Why A Leather Seder

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Yesterday I spoke with someone writing an article about Jews and kink; it seems after speaking to a couple of people, my name kept getting raised (gosh, I wonder why) and she reached out to me. In our discussion, she told me she kept talking to people who felt like there was a troublesome contradiction or conflict between their Jewish and kink identities – that it wasn’t possible to be both and be at peace, or be happy.

Naturally, I don’t agree. But as we spoke, I realized this relates to one of my long-standing feelings about the spiritual seekers in the kink community. There is a sizable population of seekers in the kink scene. It’s only natural, we are a fairly romantic and passionate bunch, coming from a place of isolation and doubt and discovering fellowship and community in what we feel is a group of not only like-minded folks but supportive and nurturing types. Thousands have written about the leather and kink communities as a “coming home” for them, a discovery of self and value.

And nowhere is it clearer to me than among the spiritual seekers, who I (with affection) call the Woo folks. We are full of woo. Sometimes, honestly and poignantly — sometimes with full-on appropriation and startling amounts of ignorance and privilege. I’m not interested in calling out a particular style, act, group or example here. I did my calling out live and in person at Southwest Leatherfest and am comfortable with what I said there. (And let this be a lesson to anyone else who wants to invite me to be a keynote speaker. If you want to read it, I’ll post a link in the comments below.)

Over the years I have been invited to and sometimes nudged into the middle of many ceremonies and rituals which were of meaning to a faith or tradition I did not share. Sometimes, it was harmless and fast and ultimately about as intrusive as singing a national anthem. Or, they were interesting as learning experiences. But other times, it was downright uncomfortable. I don’t pray that way. I don’t believe the actions performed have meaning. I don’t share the values and wishes expressed. Or, it was so diluted and muted that it lost any specific feel of an origin or culture and became a conservative’s nightmare of multiculturalism, where everything was made so general and palatable and equal there was no way to discern anything other than “Let’s all feel good about being here.”

And yet, we fetishize mythological styles of behavior and powerful words with real-life historical meaning (and baggage) and we embrace the toxic culture of One-True-Way *at the same time* that we water down religious identity and ritual.

As some of us search in vain for the Ye Olde Guarde Collaring Ceremony, we ignore the fact of an actual ritual for keeping a slave by consent – a hell of a lot older than The Leatherman’s Handbook. We plumb the depths of Emily Post to find out how to set a table for a Formal Dinner – and there’s a ritual meal so much older than even the fork, waiting for us to take our seats and requiring us to talk about what it means to be a slave or to be free.

Which is what led Karen and I to make the Seder.

Because we’re seekers, too. We found both meaning and a “tribe” to use another term often thrown around with a somewhat careless panache, right where we live.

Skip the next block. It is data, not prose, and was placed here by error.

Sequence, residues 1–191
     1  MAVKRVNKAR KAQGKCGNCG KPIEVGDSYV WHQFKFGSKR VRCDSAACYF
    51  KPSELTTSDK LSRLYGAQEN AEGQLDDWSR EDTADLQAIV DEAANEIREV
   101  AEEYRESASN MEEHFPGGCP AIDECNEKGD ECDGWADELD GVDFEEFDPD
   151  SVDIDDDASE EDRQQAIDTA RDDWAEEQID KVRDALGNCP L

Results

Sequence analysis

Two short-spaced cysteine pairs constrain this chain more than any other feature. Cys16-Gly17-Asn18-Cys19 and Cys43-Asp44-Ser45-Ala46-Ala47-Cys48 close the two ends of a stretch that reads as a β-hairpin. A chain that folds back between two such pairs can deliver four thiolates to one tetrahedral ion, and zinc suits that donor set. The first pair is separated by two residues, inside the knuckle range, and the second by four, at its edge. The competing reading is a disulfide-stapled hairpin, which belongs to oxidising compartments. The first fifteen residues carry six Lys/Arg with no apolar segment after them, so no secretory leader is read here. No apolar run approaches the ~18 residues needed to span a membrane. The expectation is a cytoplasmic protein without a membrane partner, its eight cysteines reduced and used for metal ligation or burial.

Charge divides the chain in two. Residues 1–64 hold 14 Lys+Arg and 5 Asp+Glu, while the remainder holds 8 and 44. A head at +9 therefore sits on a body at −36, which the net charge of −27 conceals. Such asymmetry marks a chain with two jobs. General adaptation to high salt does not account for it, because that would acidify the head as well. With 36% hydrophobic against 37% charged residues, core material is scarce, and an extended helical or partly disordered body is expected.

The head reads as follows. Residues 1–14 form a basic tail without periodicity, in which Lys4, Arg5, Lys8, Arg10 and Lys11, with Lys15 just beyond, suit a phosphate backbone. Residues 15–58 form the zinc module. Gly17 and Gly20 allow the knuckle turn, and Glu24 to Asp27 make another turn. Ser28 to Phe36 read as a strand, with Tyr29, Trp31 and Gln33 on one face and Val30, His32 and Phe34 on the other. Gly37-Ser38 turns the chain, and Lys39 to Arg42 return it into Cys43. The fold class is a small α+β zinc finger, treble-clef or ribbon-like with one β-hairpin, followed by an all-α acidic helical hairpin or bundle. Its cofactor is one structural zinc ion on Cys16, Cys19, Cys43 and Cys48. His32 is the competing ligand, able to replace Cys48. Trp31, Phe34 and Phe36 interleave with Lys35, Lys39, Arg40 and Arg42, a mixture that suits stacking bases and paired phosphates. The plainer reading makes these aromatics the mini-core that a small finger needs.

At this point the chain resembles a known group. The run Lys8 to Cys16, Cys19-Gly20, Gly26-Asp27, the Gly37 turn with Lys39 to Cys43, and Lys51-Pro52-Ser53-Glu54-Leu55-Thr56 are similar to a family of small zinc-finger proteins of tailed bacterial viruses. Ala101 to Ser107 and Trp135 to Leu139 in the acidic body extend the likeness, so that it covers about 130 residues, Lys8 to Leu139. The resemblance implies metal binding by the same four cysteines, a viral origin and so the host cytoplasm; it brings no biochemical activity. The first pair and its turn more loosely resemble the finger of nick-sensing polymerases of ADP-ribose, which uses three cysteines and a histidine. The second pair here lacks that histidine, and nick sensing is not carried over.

Part of the maturation process is examining the traditions and values, the beliefs and rituals taught to us when we were children. Many sexual minorities are cast out, literally, from the places they came from. Others break away in rebellion or anger or completely justified self-defense. That’s part of the seeking path – to turn away from what gives you no meaning, no hope, no safety or comfort.

But just as we’re free as kinky people, as queers, as sexual outsiders, to choose identities and paths from the array offered *and name new ones as we make them* – so are we free to examine what we might have otherwise thrown aside for what’s worth keeping.

A Passover seder is the number one thing even the least affiliated Jews will still continue to participate in, even after leaving a synagogue, stopping all other ritual observance, even in a time where they no longer feel as though they identify as Jews. There are so many reasons why. Family obligation, or familial love. Bubbe’s food, Baba’s stories. A sense of community. To share familiar moment with others the world over, and know that this night, this week, thousands are doing the same thing, singing similar songs, eating similar food. From every corner of the world, there will be people sitting down and breaking a matzoh and recalling the same story.

That’s some real old guard shit right there.

And when the story told is about the very things we grapple with for pleasure, the words we use for identity, the struggles we have with history and the human habit of forgetting or gilding the past, how could we not embrace this ritual and make it meaningful in a kinky context?

It’s almost like it was made for us.

Of course it’s possible to be Jewish and kinky. We are, therefore it’s possible. But can it be healthy? Can it be meaningful and fulfilling? Can we be free from shame or guilt over who we are and what we want AND open the (many more than four!) questions about what we’re doing and how we do it in the context of a people who are called to celebrate freedom from slavery every year – *as though we ourselves have experienced it?*

Yes. And we do it every year.

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